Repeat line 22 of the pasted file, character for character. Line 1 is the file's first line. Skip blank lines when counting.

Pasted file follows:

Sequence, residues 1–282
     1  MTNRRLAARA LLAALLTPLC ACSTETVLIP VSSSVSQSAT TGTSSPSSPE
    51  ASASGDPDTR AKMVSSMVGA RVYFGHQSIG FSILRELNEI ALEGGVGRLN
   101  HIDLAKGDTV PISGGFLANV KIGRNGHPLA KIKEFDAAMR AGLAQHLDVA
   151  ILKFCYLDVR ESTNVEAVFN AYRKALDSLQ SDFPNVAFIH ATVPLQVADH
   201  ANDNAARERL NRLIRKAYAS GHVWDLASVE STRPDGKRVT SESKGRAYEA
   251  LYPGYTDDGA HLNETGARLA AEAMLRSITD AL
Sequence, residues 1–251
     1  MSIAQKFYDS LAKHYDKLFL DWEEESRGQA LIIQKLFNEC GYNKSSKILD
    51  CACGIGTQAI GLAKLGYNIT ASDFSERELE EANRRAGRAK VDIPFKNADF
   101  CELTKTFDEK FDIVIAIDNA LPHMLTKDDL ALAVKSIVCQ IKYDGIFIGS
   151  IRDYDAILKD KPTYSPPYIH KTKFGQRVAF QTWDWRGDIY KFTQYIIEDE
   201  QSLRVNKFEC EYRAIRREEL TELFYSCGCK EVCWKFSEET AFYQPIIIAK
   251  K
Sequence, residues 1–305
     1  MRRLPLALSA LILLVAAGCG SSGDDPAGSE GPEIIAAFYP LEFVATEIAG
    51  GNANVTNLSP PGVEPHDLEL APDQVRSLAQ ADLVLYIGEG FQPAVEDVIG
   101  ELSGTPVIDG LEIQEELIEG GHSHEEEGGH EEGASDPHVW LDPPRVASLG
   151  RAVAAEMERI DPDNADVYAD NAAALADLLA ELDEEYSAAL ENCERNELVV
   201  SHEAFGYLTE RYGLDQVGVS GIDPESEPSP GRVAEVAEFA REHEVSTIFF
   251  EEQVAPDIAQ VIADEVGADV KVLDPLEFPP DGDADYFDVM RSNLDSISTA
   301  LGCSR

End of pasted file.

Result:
   301  LGCSR